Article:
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This poet (whose name is apparently Jefferson Bethke) loves Jesus and hates religion. In fact, he literally resents it.


Okay, so how do you tell the two apart, Jesus and religion? That is a tricky question, all the more so because the terms normally seem to travel in each others’ company, so to speak.

Luckily, the poet offers the helpful suggestion that:

One is the work of God, the one is a man-made invention.

One is the cure, the other is the infection.

Religion says “do.” Jesus says “done.”

Religion says “slave.” Jesus says “son.”

Religion puts you in bondage, but Jesus sets you free.

Religion makes you blind, but Jesus makes you see.

And that is why religion and Jesus are two different clans.

Religion is man searching for God, Christianity is God searching for man.

Listening to the poet rattle through these distinctions, one cannot help but think that a lot is riding on the matter. But of course all of these individual distinctions assume we already know the difference between the two; they comment on the difference as though it were already clear.

The poet is talking about things that seem to go together in the collective understanding of “religion.” One might, for example, describe as religious some of the arguments once made in favor of slavery as well as those advanced by Abolitionists against it, thus putting the “religion” of common parlance on both sides of the poets juxtaposition. Likewise, talk of Jesus is normally expected from those engaged in one particular religion.

But of course the poet here assures us that these are really two different things, even that talk of Jesus is (or at least should be) wholly different from religion. He divvies up a range of themes normally associated with religion, carefully placing them in different piles, so to speak. All the good themes that make us smile go in the “Jesus” pile and the bad ones end up in the “religion” pile. Yet, he provides no independent means of telling us which goes where. At the end of the day, the difference between the two is little more than the collective contents of the two piles.

To say that this is circular reasoning is putting it mildly. Who wouldn’t prefer the Jesus of this video to the religion?

Seriously, who would not prefer freedom to bondage, son to slave, sight to blindness, or a cure to an infection?

And if the answer is “no-one” or even “almost no-one,” then who keeps producing all the bad things, the ones that seem to go in the “religion” pile? Does the poet in this video imagine that it is people who have consciously chosen them?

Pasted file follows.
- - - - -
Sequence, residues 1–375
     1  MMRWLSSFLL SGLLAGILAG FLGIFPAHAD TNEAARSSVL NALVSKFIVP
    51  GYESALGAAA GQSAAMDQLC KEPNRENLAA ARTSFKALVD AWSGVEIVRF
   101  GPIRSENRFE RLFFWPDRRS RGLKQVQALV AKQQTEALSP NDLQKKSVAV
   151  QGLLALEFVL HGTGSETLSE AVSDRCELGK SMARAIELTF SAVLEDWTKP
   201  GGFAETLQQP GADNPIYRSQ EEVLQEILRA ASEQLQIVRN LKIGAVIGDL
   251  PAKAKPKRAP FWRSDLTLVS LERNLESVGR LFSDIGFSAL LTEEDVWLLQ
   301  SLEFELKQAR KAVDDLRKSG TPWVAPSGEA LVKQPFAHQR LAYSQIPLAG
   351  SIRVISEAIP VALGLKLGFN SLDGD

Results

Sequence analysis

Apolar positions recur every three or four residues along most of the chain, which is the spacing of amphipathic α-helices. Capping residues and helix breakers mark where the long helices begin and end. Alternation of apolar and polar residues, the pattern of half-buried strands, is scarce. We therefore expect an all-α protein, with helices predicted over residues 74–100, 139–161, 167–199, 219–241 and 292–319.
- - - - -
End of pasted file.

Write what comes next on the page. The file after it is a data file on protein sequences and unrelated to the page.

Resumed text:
Or is it just possible that it is people who thought they were actually choosing Jesus?

The internal logic of this kind of rhetoric always fascinates me. Some of the poets distinctions (such as that between man looking for God and God looking for man) are too fantastic to construe in terms of a specific moral choice. Others are downright intuitive. The notion for example that religion makes you blind whereas Jesus makes you see is wonderfully vivid.

On hearing the claim that religion makes you blind, one cannot help but to imagine some form of religiously motivated bigotry. We want to say, “Yes, I know exactly what you mean!” The second phrase must arouse similarly vivid thoughts for most believers. How easily might one imagine a moment when thoughts of Jesus could have inspired one to overcome a prejudice! That particular pair of options must arouse thoughts of a real difference.But of course the important question is whether or not there is anything about Jesus (or more importantly references to, thoughts about, belief or faith in…Jesus) that guarantee the one and precludes the other.

It’s a valiant effort.

It is tempting to go along with the poet on all of this. When I see him separating the good from the bad, I could almost choose to join in, to help sort everything into the right piles. It would be lovely to affirm the wisdom of this poet and all the others who assure us that “religion” is distinct from faith in God or a personal relationship with Jesus. I could almost stand with those who say they are “spiritual but not religious.” Hell, even without faith in God I can affirm the value of many things associated with Jesus’ name. Wouldn’t it be wonderful if those good things really were of a wholly different order than those bad ones. …if the difference between Martin Luther King and Fred Phelps were as easy as telling the difference between which of two words to use, “religion” or any of its better dressed counter-parts.

And yet the question remains, when people talk of Jesus, what distinguishes the good from the bad?

This poet offers no answer to that question, though he seems to think otherwise. And in that respect, he has one foot firmly planted in the “religion” pile.